Title: The Wild West Show

Periodical: The Era

Date: May 14, 1887

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THE WILD WEST SHOW.

As we took our places in one of the little boxes which edge the arena in the grounds of the American Exhibition, where Buffalo Bill's Wild West Show is given, we could not help being struck with the effectiveness of the scene before us. The size of the enclosure was one element of the impressiveness of the coup d'œil, and this was cleverly increased by the picturesque scenery which inclosed half of the circle. For the illusion to have been as perfect for those in the lower tiers and seats as it was for those placed above them, the canvas should have been carried up high enough to conceal the neighbouring houses, and for the pictorial sky to have blended with the real one; but this is a mere detail, and to attain perfection would doubtless have entailed considerable extra expense. Certainly no one thought of criticising the background minutely when at the edge of the ash-covered circle in the centre were drawn up on parade the whole strength of the Wild West company. There were the various tribes of Indians in their war-paint and feathers, the Mexicans, the ladies, and the cow-boys, and a fine array they made, with the chiefs of each tribe, the renowned Sergeant Bates, the equally celebrated Buffalo Bill, the stalwart Buck Taylor, and others who were introduced by Mr Frank Richmond, who, from the top of an elevated platform, described the show as it proceeded. The post of lecturer is no sinecure when such a vast area has to be filled by the voice of the speaker; but Mr Richmond made every sentence distinctly heard, and the interesting information conveyed by him in a mellow and decidedly audible voice was one of the most agreeable features of the performance. Few, perhaps, of the audience would have remembered, without the notification of the lecturer, the history of the pony Express, one of the most romantic in the annals of intercommunication, or have enjoyed fully the exposition by one of the leading cow-boys of the way in which the mails were carried. The emigrant train, which next wended its way across the arena with its teams of oxen and mules, its ancient waggons, and their burden of families and household goods, to be attacked by a tribe of redskins, who were soon repulsed by the ever-ready cow-boys, was an equally interesting resurrection of a method of peopling the soil practised even now in the remoter regions of the West, though the redskins, we believe, are pretty well confined nowadays to the Indian territory, and are reduced to, at least, an outward "friendliness." The next sensation was created by Miss Annie Oakley, who did some wonderful things with her rifle. Miss Oakley is of petite figure, and only just twenty years old. One of her most remarkable feats was that of standing twenty feet from her gun, running and catching it up, and, with a double shot, hitting two clay pigeons, right and left. A more difficult trick even than this was throwing up two balls with one hand, and knocking them both to pieces, and performing the same feat casting the articles backwards over her head. Miss Oakley's performance was a decided hit, and she was loudly applauded.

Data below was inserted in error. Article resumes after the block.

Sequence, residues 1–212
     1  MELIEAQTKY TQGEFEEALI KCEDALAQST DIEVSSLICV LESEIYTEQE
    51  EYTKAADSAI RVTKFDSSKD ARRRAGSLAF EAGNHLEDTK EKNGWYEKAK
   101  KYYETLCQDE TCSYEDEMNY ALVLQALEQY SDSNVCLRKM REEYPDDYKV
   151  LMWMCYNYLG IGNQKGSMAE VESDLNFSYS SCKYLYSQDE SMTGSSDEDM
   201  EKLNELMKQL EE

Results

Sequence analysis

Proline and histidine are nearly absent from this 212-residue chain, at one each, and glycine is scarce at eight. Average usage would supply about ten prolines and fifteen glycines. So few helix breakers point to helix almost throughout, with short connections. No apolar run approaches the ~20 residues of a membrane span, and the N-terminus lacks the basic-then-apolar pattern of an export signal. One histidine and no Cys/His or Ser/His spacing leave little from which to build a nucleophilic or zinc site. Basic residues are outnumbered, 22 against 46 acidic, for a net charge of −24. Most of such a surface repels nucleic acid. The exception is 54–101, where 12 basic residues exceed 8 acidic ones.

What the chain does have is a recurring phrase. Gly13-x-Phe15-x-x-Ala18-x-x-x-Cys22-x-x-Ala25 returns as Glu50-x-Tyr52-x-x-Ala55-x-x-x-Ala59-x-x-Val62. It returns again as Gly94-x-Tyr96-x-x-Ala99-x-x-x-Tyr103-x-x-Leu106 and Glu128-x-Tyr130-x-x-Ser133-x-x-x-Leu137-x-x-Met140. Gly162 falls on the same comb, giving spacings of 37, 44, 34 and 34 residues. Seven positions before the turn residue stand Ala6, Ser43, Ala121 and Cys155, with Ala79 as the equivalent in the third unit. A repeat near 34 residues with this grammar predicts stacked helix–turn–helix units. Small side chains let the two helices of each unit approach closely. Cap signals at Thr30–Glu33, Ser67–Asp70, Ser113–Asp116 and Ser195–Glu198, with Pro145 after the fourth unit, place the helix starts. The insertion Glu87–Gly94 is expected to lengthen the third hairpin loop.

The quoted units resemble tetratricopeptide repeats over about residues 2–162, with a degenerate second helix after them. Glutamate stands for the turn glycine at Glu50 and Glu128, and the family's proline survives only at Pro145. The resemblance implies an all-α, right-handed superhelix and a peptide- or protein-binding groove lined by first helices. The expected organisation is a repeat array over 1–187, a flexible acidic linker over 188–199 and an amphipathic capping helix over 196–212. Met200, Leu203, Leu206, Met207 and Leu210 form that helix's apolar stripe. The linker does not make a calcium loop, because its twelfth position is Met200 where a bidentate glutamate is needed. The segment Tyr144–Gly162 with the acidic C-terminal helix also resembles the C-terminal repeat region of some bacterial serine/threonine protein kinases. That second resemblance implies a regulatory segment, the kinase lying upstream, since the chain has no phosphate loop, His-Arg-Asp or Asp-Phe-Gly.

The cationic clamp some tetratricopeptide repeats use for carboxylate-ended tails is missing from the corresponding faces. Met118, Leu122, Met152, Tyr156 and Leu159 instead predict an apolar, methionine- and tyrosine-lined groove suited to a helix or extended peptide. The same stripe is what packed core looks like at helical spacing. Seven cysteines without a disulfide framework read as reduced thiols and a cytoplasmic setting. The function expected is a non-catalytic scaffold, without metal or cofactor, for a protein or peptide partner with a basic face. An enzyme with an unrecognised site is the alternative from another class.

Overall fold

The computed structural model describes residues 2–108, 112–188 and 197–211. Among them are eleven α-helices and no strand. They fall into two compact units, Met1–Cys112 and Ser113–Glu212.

Title: The Wild West Show

Periodical: The Era

Source: Buffalo Bill Center of the West; MS6, William F. Cody collection, MS6.3681.008.05 (Oakley scrapbook)

Date: May 14, 1887

Keywords: American Indians Cowboys Firearms Historical reenactments Indians of North America Mexicans Orators Pony express Sharpshooters Targets (Shooting) Traveling exhibitions

People: Oakley, Annie, 1860-1926 Taylor, William Levi, 1857-1924

Sponsor: This project is supported in part by a grant from the National Endowment for the Humanities and the Geraldine W. & Robert J. Dellenback Foundation.

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